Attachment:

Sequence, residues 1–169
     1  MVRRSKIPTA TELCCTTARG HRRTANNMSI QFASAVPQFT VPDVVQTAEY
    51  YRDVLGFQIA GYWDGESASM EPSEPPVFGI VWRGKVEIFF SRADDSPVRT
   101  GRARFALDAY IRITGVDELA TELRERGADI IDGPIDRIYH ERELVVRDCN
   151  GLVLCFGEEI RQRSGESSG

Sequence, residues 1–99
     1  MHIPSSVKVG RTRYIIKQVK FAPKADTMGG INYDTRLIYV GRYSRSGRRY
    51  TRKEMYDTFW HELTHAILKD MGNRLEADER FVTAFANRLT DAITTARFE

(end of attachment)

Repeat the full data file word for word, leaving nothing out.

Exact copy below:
Sequence, residues 1–169
     1  MVRRSKIPTA TELCCTTARG HRRTANNMSI QFASAVPQFT VPDVVQTAEY
    51  YRDVLGFQIA GYWDGESASM EPSEPPVFGI VWRGKVEIFF SRADDSPVRT
   101  GRARFALDAY IRITGVDELA TELRERGADI IDGPIDRIYH ERELVVRDCN
   151  GLVLCFGEEI RQRSGESSG

Sequence, residues 1–99
     1  MHIPSSVKVG RTRYIIKQVK FAPKADTMGG INYDTRLIYV GRYSRSGRRY
    51  TRKEMYDTFW HELTHAILKD MGNRLEADER FVTAFANRLT DAITTARFE